This feasibility study is a milestone in the development of EWPs in South Africa. Resistance to them was clear when they first appeared. This was because many thought that the people who used them were alcoholics (Gerber, 1995; Naidoo & Jano, 2003). Participation in EWPs is also sometimes problematic because employees do not trust their confidentiality. Furthermore, employees see participation in an EWP as another demand rather than as a resource (Myers, 1984; Taute & Manzini, 2009).

Fewer than half of South Africa’s top 100 organisations have EWPs, despite the important roles these programmes can play in promoting employee health and wellness and in assisting organisations and employees to adjust to rapidly changing contexts (Naidoo & Jano, 2003).

Terblanche (1992) conducted a survey to determine the conceptual sophistication of EWPs in the South African business community. According to the survey, only 69% of employer respondents actually offered direct assistance to their employees. Of this percentage, only 58% offered it in structured programmes. Considering the significant changes in the South African organisational landscape since the advent of democracy, the shortage of EWPs in South Africa is alarming because change is a factor that greatly reduces wellness at work (Hillier et al., 2005).

When EWPs do exist, they are often not part of core business structures (Bennett, 1999). This suggests that organisations do not realise the extent to which employee wellness contributes to organisations’ bottom line. Organisations that invest time and resources in an employee wellness culture, with the focus on being proactive rather than reactive, can expect a return on the investment. The possible return on investment might include lower absenteeism, healthier employees, fewer accidents and lower staff turnover (Dhanesar & Hales, 1994).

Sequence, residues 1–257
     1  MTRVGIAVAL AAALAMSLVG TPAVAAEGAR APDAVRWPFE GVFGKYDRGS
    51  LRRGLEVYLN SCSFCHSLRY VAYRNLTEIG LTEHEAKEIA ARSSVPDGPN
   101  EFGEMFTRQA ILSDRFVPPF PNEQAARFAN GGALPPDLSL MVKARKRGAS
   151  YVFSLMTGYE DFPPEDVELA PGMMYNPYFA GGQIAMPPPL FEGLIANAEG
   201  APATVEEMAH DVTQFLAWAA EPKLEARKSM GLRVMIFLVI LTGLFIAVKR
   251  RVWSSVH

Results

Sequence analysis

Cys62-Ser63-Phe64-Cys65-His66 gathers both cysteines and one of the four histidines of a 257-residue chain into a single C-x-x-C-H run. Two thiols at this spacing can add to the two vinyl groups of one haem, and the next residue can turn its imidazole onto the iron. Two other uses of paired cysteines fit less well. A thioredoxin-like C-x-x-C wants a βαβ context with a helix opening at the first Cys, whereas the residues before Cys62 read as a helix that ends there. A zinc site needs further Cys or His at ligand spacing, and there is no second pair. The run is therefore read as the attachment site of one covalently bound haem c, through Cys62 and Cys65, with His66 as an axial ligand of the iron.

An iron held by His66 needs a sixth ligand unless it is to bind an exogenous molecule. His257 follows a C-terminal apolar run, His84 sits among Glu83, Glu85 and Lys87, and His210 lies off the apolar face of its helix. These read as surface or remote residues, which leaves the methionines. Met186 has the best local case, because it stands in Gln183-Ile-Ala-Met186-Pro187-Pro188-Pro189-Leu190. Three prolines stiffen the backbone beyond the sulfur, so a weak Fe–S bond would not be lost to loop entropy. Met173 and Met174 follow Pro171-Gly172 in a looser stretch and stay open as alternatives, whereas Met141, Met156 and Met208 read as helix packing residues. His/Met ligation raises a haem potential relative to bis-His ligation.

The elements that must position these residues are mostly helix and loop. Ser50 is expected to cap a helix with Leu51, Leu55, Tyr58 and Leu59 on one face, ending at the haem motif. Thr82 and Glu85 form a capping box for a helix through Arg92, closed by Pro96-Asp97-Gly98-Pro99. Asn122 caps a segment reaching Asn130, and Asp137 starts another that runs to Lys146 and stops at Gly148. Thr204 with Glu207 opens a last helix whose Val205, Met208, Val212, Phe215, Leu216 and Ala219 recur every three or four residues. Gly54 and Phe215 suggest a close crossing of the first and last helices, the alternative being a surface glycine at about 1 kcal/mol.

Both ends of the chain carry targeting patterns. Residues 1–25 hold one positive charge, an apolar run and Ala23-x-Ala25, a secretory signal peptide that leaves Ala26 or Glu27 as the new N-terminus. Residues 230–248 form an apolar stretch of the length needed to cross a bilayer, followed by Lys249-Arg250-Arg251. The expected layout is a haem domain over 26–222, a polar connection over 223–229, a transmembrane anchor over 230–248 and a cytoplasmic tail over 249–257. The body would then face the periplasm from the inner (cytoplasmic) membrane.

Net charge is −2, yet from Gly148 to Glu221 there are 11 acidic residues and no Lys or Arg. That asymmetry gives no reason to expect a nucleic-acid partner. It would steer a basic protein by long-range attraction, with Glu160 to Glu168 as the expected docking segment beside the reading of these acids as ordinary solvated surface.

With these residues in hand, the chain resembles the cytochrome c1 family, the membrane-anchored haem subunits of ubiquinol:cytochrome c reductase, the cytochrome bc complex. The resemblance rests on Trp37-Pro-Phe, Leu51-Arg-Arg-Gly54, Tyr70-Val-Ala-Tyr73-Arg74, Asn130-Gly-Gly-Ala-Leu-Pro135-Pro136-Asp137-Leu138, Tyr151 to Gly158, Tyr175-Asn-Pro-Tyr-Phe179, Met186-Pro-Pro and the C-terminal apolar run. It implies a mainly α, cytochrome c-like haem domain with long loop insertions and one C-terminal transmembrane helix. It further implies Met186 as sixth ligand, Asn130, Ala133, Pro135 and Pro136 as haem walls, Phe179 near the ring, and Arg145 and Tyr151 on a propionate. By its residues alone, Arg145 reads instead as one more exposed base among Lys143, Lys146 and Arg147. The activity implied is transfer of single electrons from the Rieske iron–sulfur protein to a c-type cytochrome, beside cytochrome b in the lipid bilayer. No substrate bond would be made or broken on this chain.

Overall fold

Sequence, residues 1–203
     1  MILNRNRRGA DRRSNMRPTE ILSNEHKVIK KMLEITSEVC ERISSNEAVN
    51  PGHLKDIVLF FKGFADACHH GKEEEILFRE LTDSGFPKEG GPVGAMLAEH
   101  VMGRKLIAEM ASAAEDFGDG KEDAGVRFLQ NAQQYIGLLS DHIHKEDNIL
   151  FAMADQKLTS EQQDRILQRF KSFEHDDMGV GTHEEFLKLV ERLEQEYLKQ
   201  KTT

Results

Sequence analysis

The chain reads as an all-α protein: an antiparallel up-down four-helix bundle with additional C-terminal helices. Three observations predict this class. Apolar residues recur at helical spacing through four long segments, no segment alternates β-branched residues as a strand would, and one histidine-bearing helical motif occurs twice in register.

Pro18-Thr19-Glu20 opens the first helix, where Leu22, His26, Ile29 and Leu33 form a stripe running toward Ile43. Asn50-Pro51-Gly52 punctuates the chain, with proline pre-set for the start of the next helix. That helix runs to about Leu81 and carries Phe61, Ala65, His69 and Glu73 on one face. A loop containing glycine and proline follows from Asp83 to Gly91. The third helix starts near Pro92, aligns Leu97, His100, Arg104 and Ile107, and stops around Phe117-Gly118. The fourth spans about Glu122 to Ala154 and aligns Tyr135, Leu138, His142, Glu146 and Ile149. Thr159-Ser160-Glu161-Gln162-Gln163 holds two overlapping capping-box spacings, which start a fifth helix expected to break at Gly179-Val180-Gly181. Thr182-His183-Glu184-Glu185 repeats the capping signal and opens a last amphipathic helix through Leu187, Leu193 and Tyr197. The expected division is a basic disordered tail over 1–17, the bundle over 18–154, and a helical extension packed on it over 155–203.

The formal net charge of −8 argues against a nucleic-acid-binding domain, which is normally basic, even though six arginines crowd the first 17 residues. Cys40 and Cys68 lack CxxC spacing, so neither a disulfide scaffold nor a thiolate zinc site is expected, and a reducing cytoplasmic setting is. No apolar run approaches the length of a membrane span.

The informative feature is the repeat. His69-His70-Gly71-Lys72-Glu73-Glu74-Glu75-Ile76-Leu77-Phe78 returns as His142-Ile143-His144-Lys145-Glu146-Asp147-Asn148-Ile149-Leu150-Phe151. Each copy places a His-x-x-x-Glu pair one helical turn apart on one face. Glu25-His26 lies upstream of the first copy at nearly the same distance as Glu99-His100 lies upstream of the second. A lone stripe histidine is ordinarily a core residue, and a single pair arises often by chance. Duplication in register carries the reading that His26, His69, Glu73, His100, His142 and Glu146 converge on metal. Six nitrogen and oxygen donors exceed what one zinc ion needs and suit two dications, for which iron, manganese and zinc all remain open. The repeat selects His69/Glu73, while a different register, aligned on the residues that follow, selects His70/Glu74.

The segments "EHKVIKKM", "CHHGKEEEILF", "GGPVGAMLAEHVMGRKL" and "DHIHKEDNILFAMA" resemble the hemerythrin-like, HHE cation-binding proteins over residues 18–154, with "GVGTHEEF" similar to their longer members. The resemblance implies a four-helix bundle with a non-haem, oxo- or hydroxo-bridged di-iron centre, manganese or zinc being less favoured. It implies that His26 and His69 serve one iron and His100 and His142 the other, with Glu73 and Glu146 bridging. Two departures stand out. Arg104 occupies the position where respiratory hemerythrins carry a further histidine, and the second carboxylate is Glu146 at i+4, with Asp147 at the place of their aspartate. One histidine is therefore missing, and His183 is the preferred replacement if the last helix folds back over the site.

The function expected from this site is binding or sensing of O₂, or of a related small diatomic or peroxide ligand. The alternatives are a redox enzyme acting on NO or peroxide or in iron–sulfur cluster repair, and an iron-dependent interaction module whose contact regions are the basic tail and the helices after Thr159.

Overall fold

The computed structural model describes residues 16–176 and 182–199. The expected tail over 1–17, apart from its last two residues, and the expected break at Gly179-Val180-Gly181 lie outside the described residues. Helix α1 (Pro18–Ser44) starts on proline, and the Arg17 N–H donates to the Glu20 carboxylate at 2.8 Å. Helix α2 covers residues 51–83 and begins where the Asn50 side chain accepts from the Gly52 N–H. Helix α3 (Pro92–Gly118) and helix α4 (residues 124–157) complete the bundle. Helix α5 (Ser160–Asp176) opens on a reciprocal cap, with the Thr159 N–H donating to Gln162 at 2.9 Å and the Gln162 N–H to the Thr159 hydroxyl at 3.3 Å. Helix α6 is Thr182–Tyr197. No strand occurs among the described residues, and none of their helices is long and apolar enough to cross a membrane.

Based on the problem stated above, the general aim of this research is to describe the management of employee wellness in South Africa by investigating the types, foci and successes of employee health and wellness programmes.

Research objectives
The objectives of this study are to:

• define employee wellness as it currently exists in selected South African organisations
• determine the reasons why organisations introduce Employee Wellness Programmes and the problems they experience in doing so
• investigate how the organisations present the results of their programmes
• investigate how organisations rate the success and effectiveness of their EWPs
• determine employee needs and participation of employees in EWPs
• determine how organisations fund their programmes
• to investigate how managers are involved in managing EWPs in their organisations.

The possible value of the study
Employee wellness is a badly defined construct in industrial psychology. There is also a lack of research on specific practices in South African organisations to promote employee wellness.

This article contributes to research in industrial psychology because it is a baseline study on how employee wellness practices function in South African organisations.

The study also concludes how organisations, labour unions and providers of employee wellness services define employee wellness in the South African context.

The sections that follow describe the research approach, research participants, measuring instruments and statistical analyses. The article presents the results of the study. A discussion of the results follows. Finally, it draws conclusions and makes recommendations.

Research design

Research approach